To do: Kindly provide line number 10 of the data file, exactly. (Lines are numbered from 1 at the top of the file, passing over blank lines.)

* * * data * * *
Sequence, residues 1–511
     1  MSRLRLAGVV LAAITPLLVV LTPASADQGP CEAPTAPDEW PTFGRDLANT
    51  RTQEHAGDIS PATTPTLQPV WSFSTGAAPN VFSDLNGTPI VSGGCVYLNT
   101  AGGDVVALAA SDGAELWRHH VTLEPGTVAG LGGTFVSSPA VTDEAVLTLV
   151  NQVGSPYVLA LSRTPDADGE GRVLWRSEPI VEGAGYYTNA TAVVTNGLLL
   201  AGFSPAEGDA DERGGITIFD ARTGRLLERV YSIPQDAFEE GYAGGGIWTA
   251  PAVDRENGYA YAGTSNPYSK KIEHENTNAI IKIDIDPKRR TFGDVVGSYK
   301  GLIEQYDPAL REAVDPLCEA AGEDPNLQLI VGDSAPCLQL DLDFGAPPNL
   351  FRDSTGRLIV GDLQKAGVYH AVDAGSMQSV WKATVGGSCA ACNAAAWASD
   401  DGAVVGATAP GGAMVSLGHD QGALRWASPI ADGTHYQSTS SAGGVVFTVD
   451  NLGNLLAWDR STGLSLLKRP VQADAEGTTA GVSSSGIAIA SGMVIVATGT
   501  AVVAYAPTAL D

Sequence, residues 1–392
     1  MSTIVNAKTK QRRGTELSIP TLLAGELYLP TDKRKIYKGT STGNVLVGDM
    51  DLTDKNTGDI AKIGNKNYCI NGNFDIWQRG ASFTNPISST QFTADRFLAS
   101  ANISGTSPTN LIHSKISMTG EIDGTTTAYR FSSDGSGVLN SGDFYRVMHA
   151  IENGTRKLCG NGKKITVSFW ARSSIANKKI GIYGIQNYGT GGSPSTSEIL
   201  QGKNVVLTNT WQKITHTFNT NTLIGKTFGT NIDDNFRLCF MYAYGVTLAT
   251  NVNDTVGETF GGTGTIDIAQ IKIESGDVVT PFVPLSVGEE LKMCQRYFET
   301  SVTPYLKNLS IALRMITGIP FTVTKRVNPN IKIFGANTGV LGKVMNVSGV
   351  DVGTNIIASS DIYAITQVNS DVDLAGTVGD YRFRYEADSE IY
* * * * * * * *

   401  DGAVVGATAP GGAMVSLGHD QGALRWASPI ADGTHYQSTS SAGGVVFTVD